Acupuncture is an ancient medical modality and in Eastern cultures it is normal to turn to acupuncture as a first choice of treating an ailment, but for most Westerners it is still relatively new. Acupuncture and Traditional Chinese Medicine were introduced to North America in 1888 when Ing Hay immigrated to the U.S. in search of a new opportunity. Hay and his friend and colleague, Lung On, opened a Herb shop and became well known for taking the pulse to diagnose and treat patients. However, it wasn’t until the early 70’s when President Nixon returned from China that acupuncture began to gain traction, and several years later, the profession began to be legalized.
Despite being in existence for so long, acupuncture is still clouded in mystery and myths. I have put together some of the most common questions, and amusing myths (and misconceptions) that I have personally come across in my practice.
How is acupuncture taught and regulated? Don’t you have to go to China?
Acupuncture is now practiced in all of the U.S. states as well as all the Provinces of Canada. 98% of the States require that acupuncturists be registered with their National Certification Board (NCCAOM). In Canada, five of our Provinces require registration and have their own Provincial registration boards: Alberta, British Columbia, Ontario, Quebec, and Newfoundland. In each of these States and Provinces you are required to write a very long written exam covering all topics of Traditional Chinese Medicine, diagnosing, and treatments, as well as practical examinations demonstrating knowledge in safety and accuracy.
There are schools for Acupuncture and TCM all across Canada and the U.S. (there are three schools here in Calgary). Schooling for acupuncturists in most schools is 3 years and 4 years to become a Traditional Chinese Medicine Doctor. Through these years there is extensive studies in both Western and Eastern topics. Western studies include, but are not limited to: Anatomy, Physiology, Microbiology, Western Medical Terminology, Diagnosis, and Medicines, Imaging, and Nutrition. The Eastern studies include, but are not limited to: Fundamentals and History of TCM, Herbology, Acupuncture, Diagnosis, Pulse, Tongue, and hundreds of clinical hours (between 900 – 1500 hours depending on the school/program).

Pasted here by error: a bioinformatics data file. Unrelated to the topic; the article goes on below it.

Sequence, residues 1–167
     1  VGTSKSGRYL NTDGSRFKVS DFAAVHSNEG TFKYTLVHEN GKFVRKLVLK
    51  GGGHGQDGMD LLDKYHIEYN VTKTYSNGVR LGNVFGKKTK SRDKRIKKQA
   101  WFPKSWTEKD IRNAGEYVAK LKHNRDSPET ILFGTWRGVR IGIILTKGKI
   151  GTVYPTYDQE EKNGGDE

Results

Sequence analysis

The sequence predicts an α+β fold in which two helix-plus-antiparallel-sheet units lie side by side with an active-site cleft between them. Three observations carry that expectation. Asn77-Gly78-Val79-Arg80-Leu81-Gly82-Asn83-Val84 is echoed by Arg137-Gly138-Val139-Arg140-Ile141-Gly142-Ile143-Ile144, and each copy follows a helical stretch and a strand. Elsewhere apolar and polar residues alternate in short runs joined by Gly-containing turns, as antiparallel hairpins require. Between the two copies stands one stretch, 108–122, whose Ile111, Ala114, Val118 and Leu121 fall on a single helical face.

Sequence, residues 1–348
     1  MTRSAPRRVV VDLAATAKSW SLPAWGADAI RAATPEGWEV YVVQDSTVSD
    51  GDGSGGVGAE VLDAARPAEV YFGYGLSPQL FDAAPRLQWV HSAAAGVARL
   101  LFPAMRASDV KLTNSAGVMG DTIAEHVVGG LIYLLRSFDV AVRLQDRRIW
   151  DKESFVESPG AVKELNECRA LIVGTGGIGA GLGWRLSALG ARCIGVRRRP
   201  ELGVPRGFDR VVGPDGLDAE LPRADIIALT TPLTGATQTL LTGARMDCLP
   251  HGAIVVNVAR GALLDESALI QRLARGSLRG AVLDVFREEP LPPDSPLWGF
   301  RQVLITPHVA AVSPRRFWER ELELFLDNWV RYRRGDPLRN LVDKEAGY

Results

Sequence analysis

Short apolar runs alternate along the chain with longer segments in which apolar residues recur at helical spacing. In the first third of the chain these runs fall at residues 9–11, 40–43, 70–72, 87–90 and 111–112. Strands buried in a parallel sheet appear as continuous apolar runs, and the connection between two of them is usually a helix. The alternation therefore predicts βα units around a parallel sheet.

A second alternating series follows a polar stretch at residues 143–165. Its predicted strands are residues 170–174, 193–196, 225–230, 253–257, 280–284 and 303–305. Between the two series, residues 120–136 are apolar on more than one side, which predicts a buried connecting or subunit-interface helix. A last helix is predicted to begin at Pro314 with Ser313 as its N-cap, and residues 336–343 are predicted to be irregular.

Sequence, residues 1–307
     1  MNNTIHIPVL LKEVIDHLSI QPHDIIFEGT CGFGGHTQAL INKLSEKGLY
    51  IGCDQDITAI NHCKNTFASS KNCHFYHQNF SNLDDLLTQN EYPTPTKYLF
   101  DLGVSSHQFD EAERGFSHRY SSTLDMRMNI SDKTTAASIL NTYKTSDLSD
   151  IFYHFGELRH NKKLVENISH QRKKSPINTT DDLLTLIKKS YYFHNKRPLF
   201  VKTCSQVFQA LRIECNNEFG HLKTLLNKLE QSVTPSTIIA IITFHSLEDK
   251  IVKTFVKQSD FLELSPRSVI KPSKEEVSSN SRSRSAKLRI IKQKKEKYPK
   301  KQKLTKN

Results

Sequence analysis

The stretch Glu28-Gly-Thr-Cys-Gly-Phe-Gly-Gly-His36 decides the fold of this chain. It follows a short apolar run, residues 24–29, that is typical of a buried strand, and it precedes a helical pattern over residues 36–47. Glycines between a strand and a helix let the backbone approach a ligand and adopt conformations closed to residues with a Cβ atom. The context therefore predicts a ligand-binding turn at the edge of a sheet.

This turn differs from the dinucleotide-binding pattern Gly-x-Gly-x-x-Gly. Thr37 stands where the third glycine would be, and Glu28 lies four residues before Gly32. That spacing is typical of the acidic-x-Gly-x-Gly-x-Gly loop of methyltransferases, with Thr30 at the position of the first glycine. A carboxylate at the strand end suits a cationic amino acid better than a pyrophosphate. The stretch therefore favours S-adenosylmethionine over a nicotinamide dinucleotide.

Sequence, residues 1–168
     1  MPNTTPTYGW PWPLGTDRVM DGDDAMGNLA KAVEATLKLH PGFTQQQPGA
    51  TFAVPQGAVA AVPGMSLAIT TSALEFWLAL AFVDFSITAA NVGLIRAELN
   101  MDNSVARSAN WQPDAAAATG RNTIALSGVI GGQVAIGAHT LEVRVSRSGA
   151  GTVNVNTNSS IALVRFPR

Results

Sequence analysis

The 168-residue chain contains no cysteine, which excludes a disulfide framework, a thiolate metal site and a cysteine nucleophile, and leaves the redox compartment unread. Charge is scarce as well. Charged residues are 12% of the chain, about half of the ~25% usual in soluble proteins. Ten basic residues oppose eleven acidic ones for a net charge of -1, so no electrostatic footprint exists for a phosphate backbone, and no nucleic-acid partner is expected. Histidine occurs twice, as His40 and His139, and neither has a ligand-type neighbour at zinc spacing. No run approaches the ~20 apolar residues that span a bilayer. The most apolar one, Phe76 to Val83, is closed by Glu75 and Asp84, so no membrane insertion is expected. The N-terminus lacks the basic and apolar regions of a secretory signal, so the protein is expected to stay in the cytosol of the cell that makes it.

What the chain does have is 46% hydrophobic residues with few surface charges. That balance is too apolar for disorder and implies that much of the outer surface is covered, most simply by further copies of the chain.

Many Acupuncture schools are affiliated with schools in China and offer credits for those students that wish to study abroad for some of their training. This is a wonderful opportunity, but not required in order to become a registered acupuncturist.
It’s a placebo (it doesn’t do anything)
Let’s start with the meat of the myths – it’s a placebo. There have been thousands of studies over the years to try to prove and disprove this theory. From these studies there are those people that believe in acupuncture, and then there are the skeptics. I love the believers, but it’s so fun to treat a skeptic because they are the ones that eventually turn into the biggest proponents of acupuncture and TCM afterwards!
My advice is to ask around and read testimonials. More than likely you have at least one friend or family member that has visited an acupuncturist before, so ask them about their experience. Visit your acupuncturists’ website or social media page and read their testimonials. Some of the best sources of research are from the people you know and trust that have already had the pleasure of working with a registered acupuncturist.
When we think of acupuncture, we think of needles, and then cringe because most North American people reference needles to drawing blood or getting a flu shot, which can be uncomfortable. Acupuncture needles are a fraction of the size of a hypodermic needle and most often are not felt at all upon insertion. That being said, there are some areas on the body that are a tiny bit more sensitive than others so you may feel a slight pinch for a moment (I like to refer to those as the spicy spots), but that sensation goes away quickly and is either replaced with no feeling at all or you could feel a dull ache around the point. This is a good strong Qi sensation and is nothing to worry about.
Acupuncture made me Bleed, It Must be Bad.
It’s true; some of the spots where the acupuncture needles are placed will bleed. This doesn’t happen all the time and shouldn’t be considered bad or harmful. In general, practitioners try to avoid veins and capillaries but because every person has a vast web of them all over their bodies, it is sometimes unavoidable.